By Ella Carroll, Co-Deputy Arts Editor
Bristol is perhaps one of the most politically active cities in all of the southwest and it also happens to be home to some of the most creative and artistic people too. These two factors combined, result in a plethora of protests taking place throughout the city every year and each one is ornamented by various artistic displays of all kinds: creative posters and signs, performance art and chants and music. What each protest demonstrates, therefore, is how art is a method by which protest can be done intellectual, tactful, and emotive way.
This method of protest is certainly not unique to Bristol, however. Throughout history, art has long been used as an effective, stirring form of protest. There are numerous instances from decades passed where art has been used as a tool to raise awareness about certain issues or to enhance the act of protesting. The AIDS Memorial quilt, made in 1987, is a classic example of this. The massive, panelled quilt contained almost 50,000 fabric squares to memorialise each victim of the AIDS crisis, and it sought to not only acknowledge those who had lost their lives but to illuminate the insensitive and shambolic way in which their government dealt with the crisis. From this, it is evident that art can be an emotive technique used to protest injustices.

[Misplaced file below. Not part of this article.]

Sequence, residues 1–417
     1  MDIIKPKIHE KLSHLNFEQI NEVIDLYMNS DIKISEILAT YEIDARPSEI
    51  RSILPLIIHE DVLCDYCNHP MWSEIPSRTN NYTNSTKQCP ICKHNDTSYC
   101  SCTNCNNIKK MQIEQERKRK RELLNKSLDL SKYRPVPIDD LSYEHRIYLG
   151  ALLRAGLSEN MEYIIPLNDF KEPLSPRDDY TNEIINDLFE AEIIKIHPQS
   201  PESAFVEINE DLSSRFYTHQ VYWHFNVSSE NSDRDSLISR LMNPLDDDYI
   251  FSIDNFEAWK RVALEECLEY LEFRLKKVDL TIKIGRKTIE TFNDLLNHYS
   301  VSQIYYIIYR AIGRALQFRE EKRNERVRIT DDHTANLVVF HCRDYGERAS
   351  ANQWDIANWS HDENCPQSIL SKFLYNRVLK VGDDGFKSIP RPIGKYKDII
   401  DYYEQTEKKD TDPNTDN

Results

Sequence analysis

But in Bristol more specifically, art has long been used as a means of social commentary. Banksy’s various graffiti pieces which one can see dotted across the city, are perhaps the most famous example of Bristol art. In his works, Banksy highlights various social injustices and inequalities in an evocative way and the very nature of his art – the fact that it is technically illegal – is what makes it, by nature, a form of protest. Furthermore, the streets of Bristol are embellished with various murals and works of graffiti, which serve a similar purpose.
But in physical protests more specifically, Bristol seems to have a wealth of talented artists who use their skills to help whatever cause they are supporting. I have fond memories of the first protest I ever attended in the city and the various creative hand-painted posters and banners which proud students held. Performance art, music and chants are also techniques which are utilised to create a communal and spirited atmosphere. Indeed, art pf all forms seems to be a witty and creative medium through which protesters can express discontent and it is an eye-catching method too. Not only is good art noticeable at a protest, which means photographs are taken and the issue is given more publicity on social media and local news, but also it humanises the protesters, showing them to be interesting and talented individuals who possess opinions that matter.
It is this human element that is perhaps what makes art such an effective medium of protest. In times of crisis and distress, art reminds us that humans continue to persevere, and creativity can still flourish, even in less-than-ideal conditions. Whether it be dance, music, banners, or works in a gallery, art is a unifying force that drives rebellion and forces us to call into question societal norms.
Feature image by: Unsplash: Corey Young
What protests have you attended?